How the music and the ensemble came together.

 

I lived in New York City in 1977, and throughout a lot of the 80’s. I moved to Ithaca, NY in 1989, but shared an apartment with a friend in Hoboken for a while after that. Then, starting in the early-90’s, I spent more time in Ithaca with my family.  Some people think that I retired from music, but that’s not accurate. I continued playing and composing, with a goal to work as a professional musician: teaching, playing concerts, touring (although traveling on a more limited basis than in the 80’s), writing music for various ensembles based in Ithaca, and working with musicians from all over the world, particularly after 2002. As my children grew up and became more independent, I started working more outside of Ithaca. This has been happening over the past 12 years, and then on August 15th 2015, I began subletting apartments in New You City. I stayed in 3 different places in the fall of 2015 before I ended up in a room at a friend’s apartment in Brooklyn in January 2016 for an extended stay. Each one of these four locations had pianos in them, and I spent a part of my time writing new music. While staying at a studio apartment at West Beth, I was inspired by the piano, and the ability to work for long hours without disturbing neighbors. The first three days I was there, I barely left the apartment. Luckily, I brought a lot of food with me from Ithaca. I composed, played the cello, and started going out to see and play with other musicians in the city.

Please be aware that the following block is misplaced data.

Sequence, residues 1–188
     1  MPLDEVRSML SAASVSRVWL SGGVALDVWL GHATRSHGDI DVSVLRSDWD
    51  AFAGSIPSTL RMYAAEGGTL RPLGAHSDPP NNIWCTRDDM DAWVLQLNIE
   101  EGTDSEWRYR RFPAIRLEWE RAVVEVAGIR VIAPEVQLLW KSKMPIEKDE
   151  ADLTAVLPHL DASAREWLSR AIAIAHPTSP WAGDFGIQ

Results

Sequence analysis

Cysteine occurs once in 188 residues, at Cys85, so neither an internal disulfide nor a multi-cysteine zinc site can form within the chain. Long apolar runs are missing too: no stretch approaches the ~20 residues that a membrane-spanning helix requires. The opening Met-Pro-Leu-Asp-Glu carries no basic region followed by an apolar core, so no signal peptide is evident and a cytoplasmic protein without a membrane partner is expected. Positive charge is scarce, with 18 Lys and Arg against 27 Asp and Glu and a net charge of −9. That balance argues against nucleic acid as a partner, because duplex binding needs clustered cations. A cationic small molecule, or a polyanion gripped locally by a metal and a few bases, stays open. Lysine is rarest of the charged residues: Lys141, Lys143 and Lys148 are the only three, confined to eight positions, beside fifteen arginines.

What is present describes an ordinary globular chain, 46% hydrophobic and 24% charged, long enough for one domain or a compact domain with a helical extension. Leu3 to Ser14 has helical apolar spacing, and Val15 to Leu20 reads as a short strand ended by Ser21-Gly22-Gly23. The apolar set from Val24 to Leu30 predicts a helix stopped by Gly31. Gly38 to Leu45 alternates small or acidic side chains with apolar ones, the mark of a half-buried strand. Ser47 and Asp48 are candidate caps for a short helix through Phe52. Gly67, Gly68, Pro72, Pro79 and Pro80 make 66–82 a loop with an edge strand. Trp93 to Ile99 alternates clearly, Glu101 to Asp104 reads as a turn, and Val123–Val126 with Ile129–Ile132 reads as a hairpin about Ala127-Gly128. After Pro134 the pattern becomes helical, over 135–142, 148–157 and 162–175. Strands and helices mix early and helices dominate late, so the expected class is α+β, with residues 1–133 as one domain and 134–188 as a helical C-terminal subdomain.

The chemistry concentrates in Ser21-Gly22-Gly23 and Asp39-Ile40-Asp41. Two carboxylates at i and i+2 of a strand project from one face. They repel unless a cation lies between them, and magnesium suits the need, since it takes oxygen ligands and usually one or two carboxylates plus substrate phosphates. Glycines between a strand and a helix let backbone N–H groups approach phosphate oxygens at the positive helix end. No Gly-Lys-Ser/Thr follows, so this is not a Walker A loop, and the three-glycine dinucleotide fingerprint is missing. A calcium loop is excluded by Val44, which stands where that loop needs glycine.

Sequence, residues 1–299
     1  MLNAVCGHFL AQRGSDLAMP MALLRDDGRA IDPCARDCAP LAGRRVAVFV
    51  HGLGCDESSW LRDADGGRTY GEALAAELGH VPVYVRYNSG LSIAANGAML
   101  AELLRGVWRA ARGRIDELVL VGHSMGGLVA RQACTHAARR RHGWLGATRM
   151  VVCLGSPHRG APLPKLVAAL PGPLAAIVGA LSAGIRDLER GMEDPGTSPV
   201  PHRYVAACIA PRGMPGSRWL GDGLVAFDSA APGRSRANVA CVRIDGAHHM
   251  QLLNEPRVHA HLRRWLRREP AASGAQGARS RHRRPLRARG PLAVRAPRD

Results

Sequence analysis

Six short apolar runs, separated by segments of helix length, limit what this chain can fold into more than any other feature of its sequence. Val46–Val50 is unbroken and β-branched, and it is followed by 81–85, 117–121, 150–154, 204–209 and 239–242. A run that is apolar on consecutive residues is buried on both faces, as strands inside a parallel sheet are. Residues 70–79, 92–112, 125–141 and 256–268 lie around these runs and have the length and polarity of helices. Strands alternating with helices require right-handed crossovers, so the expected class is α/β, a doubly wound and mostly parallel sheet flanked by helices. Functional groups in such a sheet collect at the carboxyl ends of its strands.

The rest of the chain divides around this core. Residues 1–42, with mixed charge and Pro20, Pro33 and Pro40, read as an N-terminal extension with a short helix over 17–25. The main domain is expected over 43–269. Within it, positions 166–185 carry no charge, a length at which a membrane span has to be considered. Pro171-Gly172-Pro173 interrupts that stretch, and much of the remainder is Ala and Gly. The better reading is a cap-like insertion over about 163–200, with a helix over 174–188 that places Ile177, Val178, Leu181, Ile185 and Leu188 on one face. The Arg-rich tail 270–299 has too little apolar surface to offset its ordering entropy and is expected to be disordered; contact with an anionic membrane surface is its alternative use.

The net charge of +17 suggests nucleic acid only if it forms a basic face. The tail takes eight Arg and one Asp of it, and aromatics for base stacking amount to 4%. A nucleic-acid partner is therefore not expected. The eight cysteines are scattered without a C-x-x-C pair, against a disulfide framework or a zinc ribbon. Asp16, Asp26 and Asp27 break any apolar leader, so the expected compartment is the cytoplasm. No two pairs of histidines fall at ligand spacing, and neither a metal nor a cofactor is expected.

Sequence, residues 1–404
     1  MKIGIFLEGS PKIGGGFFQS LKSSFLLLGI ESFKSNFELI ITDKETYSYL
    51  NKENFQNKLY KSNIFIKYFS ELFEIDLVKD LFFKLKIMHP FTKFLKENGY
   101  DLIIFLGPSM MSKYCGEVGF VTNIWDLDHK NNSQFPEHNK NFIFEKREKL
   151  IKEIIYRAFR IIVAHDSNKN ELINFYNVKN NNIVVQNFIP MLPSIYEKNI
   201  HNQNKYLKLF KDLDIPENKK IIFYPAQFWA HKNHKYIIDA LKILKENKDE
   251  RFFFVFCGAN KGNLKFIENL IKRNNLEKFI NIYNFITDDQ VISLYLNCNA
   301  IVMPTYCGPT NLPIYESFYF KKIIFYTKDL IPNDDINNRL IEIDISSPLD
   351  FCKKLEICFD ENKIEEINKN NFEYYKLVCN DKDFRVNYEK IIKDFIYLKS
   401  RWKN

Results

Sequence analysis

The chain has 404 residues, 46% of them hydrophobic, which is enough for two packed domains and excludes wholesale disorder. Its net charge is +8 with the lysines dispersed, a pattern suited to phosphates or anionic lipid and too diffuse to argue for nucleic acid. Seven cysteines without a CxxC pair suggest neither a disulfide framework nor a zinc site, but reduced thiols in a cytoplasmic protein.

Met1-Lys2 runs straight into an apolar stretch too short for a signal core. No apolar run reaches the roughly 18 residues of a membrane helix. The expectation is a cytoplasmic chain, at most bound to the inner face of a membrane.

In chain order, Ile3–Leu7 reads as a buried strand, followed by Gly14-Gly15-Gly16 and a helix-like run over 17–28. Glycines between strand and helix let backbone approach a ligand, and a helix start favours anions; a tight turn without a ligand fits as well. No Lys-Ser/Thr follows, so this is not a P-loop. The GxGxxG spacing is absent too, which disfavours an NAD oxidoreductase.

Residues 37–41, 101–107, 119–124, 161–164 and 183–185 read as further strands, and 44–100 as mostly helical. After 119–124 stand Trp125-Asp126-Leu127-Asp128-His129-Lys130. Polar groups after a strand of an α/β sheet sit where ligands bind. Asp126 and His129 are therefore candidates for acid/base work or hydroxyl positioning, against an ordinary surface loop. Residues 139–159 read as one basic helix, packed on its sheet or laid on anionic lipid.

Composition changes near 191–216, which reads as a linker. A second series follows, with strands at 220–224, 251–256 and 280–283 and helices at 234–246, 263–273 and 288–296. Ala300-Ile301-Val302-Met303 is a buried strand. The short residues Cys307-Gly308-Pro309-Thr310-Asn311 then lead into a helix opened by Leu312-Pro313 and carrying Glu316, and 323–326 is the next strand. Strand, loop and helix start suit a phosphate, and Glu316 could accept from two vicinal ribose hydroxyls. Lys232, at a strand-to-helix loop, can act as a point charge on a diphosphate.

I connected with friends from the past, and with a lot of new friends, as well. Trombonist/composer Brian Drye was one of the first people to get in touch after I starting spending more time in the city. He invited me to play a concert with his group ‘Bizingas’. Being a trombone player myself from years ago, it was great to work with such a talented composer, and an amazing player on that instrument. He introduced me to reed player Mike McGinnis through a session at iBeam. I was previously interested to play with Mike after connecting with him via Facebook, and listening to some of his tracks on-line. Mike put together a very satisfying session with me and the great drummer Vinnie Sperrazza.  We all played several sessions together in different combinations. I played with violinist Dana Lyn when I was subbing for Marika Hughes in Gina Leishman’s group. In addition to appreciating Dana’s sound and playing, I was inspired seeing her website which featured her playing, composing and art work. All of the players in the Sextet are excellent composers, and bring that developed sensibility to the music, particularly during improvisational sections. I had been watching Jacob Sacks online, and thought his brilliant work would be great for the music that I was writing at the piano, if I would be lucky enough to get his involvement in the project. Brian offered me a 2-night run at iBeam in late April, and so I asked the above players to perform with me. Motivated by the upcoming concert, I found a new intense focus to expand the composition that I had started to work on in the fall. I began to think of the piece in relation to writing for Dana, Mike, Brian, Vinnie and Jacob.